Artistic director of the ARC Ensemble Simon Wynberg lifts the veil on works by composers suppressed by anti-Semitism and bigotry, featured in the ensemble’s past and present recordings


The ARC Ensemble

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For most of the last 20 years, the ARC Ensemble has devoted its energy and resources to the exploration of music that was sidelined by war and exile. The ensemble’s first recording, devoted to the works of Mieczyslaw Weinberg, featured his Piano Quintet op. 18, composed in the aftermath of his terrifying flight from Warsaw to the Soviet Union. The Weinberg recording was nominated for a Grammy and now has over a dozen rival recordings. Paradoxically, it was this very practice of over-duplication that had dissuaded me from re-recording the familiar; when ARC recorded the Piano Quintet, the only other version was a deleted Soviet issue featuring the Bolshoi Theatre Quartet with the composer at the piano.

The ARC Ensemble has now released ten recordings, the seven most recent (on Chandos) are part of its pioneering Music in Exile series. Almost every work in the ensemble’s discography is new to the catalogue, previously unknown to both the ensemble and its audience, and the assessment and recovery of these works has been a hugely exciting process. When, after 80 or more years, a strong but long-forgotten piece is finally brought to the stage, the thrill can be quite extraordinary, especially so when one’s colleagues around the world adopt and perform it. This happened recently when the release of works by the Kharkiv composer Dmitri Klebanov coincided with Putin’s invasion of Ukraine. Klebanov, an ardent nationalist, drew on several Ukrainian melodies for his Fourth Quartet, melodies that had been used by his older colleague Mykola Leontovych. In the context of Russia’s aggression it is troubling to remember that Leontovych was killed by the Soviet secret police in 1921. With the Klebanov release I received requests for his scores from all over the world and Klebanov’s voice became one of protest.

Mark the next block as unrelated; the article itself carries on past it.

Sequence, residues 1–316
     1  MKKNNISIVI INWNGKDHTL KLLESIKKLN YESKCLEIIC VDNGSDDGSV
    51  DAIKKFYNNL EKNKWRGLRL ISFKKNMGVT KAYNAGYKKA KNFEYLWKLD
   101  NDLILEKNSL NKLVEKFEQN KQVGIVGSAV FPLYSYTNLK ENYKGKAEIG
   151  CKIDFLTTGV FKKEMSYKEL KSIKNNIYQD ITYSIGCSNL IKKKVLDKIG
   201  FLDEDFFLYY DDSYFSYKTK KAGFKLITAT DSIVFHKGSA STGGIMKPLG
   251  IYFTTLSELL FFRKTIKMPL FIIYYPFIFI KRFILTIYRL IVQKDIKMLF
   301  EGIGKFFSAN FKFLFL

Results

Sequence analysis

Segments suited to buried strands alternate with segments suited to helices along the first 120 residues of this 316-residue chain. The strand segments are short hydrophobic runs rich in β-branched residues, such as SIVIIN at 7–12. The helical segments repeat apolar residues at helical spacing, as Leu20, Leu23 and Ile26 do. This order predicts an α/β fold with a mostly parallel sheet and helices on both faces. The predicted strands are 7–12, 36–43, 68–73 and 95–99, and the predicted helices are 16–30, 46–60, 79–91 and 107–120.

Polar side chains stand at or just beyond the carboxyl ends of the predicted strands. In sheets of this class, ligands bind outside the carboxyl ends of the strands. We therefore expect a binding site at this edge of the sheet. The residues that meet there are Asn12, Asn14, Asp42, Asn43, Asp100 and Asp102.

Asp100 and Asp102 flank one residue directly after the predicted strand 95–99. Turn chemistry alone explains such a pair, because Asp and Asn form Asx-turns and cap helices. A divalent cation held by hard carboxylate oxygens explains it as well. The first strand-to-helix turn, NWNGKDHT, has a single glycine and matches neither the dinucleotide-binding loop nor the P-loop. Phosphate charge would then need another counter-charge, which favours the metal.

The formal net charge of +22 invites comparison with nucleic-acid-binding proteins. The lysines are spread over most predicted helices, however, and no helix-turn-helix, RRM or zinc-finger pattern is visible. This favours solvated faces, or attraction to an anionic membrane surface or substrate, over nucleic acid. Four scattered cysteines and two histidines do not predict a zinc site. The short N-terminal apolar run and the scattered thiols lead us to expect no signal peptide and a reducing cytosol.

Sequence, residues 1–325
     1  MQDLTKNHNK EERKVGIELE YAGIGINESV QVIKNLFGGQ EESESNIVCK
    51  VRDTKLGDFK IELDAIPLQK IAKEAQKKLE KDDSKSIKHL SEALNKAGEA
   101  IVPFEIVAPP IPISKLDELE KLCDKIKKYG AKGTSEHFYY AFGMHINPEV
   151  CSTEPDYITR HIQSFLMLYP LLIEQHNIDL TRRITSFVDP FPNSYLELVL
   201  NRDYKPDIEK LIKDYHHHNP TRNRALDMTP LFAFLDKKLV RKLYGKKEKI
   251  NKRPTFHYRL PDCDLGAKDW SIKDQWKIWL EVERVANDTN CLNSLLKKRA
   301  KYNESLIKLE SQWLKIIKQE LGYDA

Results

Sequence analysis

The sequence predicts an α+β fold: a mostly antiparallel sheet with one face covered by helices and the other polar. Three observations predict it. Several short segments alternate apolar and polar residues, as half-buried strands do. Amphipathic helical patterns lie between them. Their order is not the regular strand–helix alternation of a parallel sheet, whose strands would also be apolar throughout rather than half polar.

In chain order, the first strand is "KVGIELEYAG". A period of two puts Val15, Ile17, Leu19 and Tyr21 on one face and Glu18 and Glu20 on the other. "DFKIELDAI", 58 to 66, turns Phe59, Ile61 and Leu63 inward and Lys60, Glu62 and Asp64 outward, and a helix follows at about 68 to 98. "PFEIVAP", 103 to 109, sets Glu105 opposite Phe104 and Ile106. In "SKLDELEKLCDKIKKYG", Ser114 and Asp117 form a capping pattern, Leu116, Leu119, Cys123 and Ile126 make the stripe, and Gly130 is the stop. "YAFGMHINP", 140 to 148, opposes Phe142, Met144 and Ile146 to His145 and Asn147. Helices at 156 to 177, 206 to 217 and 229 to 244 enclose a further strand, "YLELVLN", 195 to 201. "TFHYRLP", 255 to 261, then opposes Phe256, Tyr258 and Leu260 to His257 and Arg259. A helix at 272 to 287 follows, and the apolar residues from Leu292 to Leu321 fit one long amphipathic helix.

A few years ago, the ensemble released a collection of chamber works by the Czech-American composer Walter Kaufmann (1907 -1984) who spent the Hitler years in Bombay (now Mumbai) and produced a considerable amount of chamber music. The violinist and pedagogue Mehli Mehta, Maestro Zubin Mehta’s father, was a close friend and collaborator. Any listener to All India Radio will be familiar with its station ID, a fourteen-note melody, composed by Kaufmann, recorded by Mehli nearly 90 years ago, and still used today. When the ARC Ensemble performed Kaufmann’s String Quartet no. 11 at Toronto’s Koener Hall, Zubin’s son, Mervon, the Executive Director of Performing Arts at the Royal Conservatory, was able to claim a very personal connection. Mehli Mehta, his grandfather, would have led the original ensemble at its Bombay premiere, with Kaufmann playing viola. The quartet, a fascinating amalgam of Indian and Western traditions is now available through Doblinger Verlag, Vienna, but there are another eleven quartets that are waiting to be explored.

Preparing the unknown for performance is very different from the ’oven-ready’ approach that generally accompanies the rehearsal of the familiar. When musicians encounter a new commission, the composer is usually available to offer guidance and advice. When an ensemble – or a soloist, or conductor for that matter – rehearses an unknown composition from the 1920s or 30s, outside help is no longer available. The composer is long dead, as are the musicians who might have had firsthand memories of the work. Only very rarely is there a recording.